[0005] In a suspension insulator known from patent GB 1 025 554, corrosion of the pin 3 is avoided in part by placing a ring of zinc 5 around the pin to act as a sacrificial electrode in contact with the binder 4, as shown in FIG. 1, where corrosion has taken place on the surface of the zinc electrode. In such a structure, the sacrificial zinc ring 5 prevents the pin 3 corroding at the specific location where it is placed, however it has a short lifetime and is ineffective in the zone of the pin that is not protected by the ring.

[0006] An alternative for remedying that drawback is proposed in Japanese patent application filed under the No. JP2002216559, as shown in FIG. 2, which consists in replacing the zinc ring 5 disposed at the periphery of the pin 3 in contact with the binder 4, by a zinc conductive ring 6. The conductive ring 6 is disposed around the pin being embedded in part in the binder 4 and being almost in contact with the pin 3 and the insulating skirt 1. In such an insulator, leakage current is channeled via the conductive ring 6, thereby limiting leakage currents between the binder 4 and the pin 3 and thus minimizing the risks of corroding the pin, with the zinc conductive ring then acting as a sacrificial electrode. In such a device, although the lifetime of the pin is lengthened by diverting leakage currents, the poor sealing inherent to the method of manufacture implies that small leakage currents will subsist between the binder 4 and the pin 3, which means that the insulator will continue to be degraded.

[0007] Another alternative for remedying this drawback is proposed in U.S. Pat. No. 4,559,414, in which a sacrificial ring surrounds the pin at the edge of the binder, and an electrically insulating film made of synthetic resin is stuck against the surface of the pin that is embedded in the binder and over a portion of the sacrificial ring so that the sacrificial ring is subjected to all of the corrosion and protects the pin. In such a device, the sacrificial ring has a short lifetime and the leakage current always passes through the binder.

OBJECT AND SUMMARY OF THE INVENTION

[0008] The object of the invention is to remedy those drawbacks in order to further lengthen the lifetime of suspension insulator components.

[0009] To this end, the invention provides a suspension insulator comprising an insulating skirt of quenched glass or of porcelain, with an underside in which a pin is fixed by a cement-based binder, and a sacrificial ring of zinc in contact with the binder and surrounding the pin, wherein an annular plug of electrically conductive material is disposed between the insulating skirt and the sacrificial ring, in such a manner as to provide sealing that prevents leakage currents from flowing through the binder.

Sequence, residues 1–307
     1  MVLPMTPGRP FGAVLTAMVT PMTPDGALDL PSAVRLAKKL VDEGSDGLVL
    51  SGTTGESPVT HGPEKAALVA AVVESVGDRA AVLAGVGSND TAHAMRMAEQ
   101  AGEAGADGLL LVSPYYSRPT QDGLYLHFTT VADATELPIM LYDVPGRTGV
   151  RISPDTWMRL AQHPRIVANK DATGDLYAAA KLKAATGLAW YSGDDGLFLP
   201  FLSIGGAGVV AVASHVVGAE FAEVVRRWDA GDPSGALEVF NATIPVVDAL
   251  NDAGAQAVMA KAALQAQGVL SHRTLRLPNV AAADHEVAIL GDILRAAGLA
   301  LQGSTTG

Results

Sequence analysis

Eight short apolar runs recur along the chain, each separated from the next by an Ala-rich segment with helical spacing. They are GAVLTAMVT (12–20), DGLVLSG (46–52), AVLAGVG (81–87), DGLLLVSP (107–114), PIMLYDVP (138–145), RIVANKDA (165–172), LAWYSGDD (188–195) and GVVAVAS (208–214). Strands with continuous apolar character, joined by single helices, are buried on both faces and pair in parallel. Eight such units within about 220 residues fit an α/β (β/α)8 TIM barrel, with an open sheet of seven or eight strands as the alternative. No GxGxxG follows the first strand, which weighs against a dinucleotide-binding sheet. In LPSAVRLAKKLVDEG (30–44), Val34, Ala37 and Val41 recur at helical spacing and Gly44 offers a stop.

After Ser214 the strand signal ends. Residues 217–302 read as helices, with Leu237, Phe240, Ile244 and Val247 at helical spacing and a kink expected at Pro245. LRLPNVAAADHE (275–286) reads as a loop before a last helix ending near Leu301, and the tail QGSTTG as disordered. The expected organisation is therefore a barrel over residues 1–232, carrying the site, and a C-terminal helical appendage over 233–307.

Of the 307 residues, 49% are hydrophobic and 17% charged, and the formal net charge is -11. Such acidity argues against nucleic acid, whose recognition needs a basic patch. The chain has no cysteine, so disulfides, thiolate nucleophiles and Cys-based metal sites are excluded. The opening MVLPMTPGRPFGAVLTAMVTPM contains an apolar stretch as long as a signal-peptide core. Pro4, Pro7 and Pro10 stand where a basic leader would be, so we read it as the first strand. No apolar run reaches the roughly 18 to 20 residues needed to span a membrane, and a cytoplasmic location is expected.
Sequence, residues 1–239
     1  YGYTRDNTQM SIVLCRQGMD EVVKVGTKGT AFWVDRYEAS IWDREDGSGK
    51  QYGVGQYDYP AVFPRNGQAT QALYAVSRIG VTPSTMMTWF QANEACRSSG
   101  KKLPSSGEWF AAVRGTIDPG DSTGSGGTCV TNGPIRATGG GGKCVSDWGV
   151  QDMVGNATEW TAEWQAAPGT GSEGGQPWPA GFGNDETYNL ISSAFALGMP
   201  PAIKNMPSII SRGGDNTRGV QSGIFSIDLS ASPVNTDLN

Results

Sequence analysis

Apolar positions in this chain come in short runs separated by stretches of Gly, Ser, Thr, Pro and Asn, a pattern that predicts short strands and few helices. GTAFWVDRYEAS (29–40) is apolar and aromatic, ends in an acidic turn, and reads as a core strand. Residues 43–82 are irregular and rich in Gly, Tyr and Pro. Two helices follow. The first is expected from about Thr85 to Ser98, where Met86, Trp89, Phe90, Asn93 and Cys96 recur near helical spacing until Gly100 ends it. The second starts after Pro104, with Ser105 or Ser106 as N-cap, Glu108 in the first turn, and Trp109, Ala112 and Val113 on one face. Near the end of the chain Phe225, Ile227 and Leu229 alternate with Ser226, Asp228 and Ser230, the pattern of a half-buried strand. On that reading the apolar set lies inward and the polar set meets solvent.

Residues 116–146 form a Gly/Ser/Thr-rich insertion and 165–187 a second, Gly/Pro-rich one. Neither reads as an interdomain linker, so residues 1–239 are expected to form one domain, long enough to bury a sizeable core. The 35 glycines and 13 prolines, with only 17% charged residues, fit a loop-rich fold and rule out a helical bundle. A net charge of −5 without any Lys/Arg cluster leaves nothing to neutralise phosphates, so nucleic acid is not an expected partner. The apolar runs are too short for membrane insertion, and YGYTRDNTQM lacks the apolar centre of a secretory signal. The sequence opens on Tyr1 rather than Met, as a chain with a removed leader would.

[0010] Consequently, in the insulator of the invention, the conductive plug prevents any penetration of moisture into the underside of the skirt, thereby preserving the components of the insulator from any degradation, particularly in moist conditions.

[0011] In a particular embodiment of the insulator of the invention, the conductive plug and the ring present an annular contact area of height lying in the range 5 millimeters (mm) to 10 mm. This contributes to obtaining a reactive surface area on the sacrificial ring that is quite extensive, thereby increasing its lifetime.

[0012] In another particular embodiment of the insulator of the invention, the binder partially overlies the sacrificial ring, so that the leakage currents at the surface of the binder attack the ring.

[0013] In yet another particular embodiment of the insulator of the invention, the material used for the conductive plug is a flexible material, so that it adapts to the dimensional variations of the various elements of the insulator, thus ensuring good sealing for the device. By way of example, the conductive material is an elastomer filled with electrically conductive particles suitable for being deposited by being injected, in particular an elastomer filled with carbon particles.

BRIEF DESCRIPTION OF THE DRAWINGS

[0014] The invention, its characteristics, and its advantages are described in greater detail in the following description in association with the figures listed below.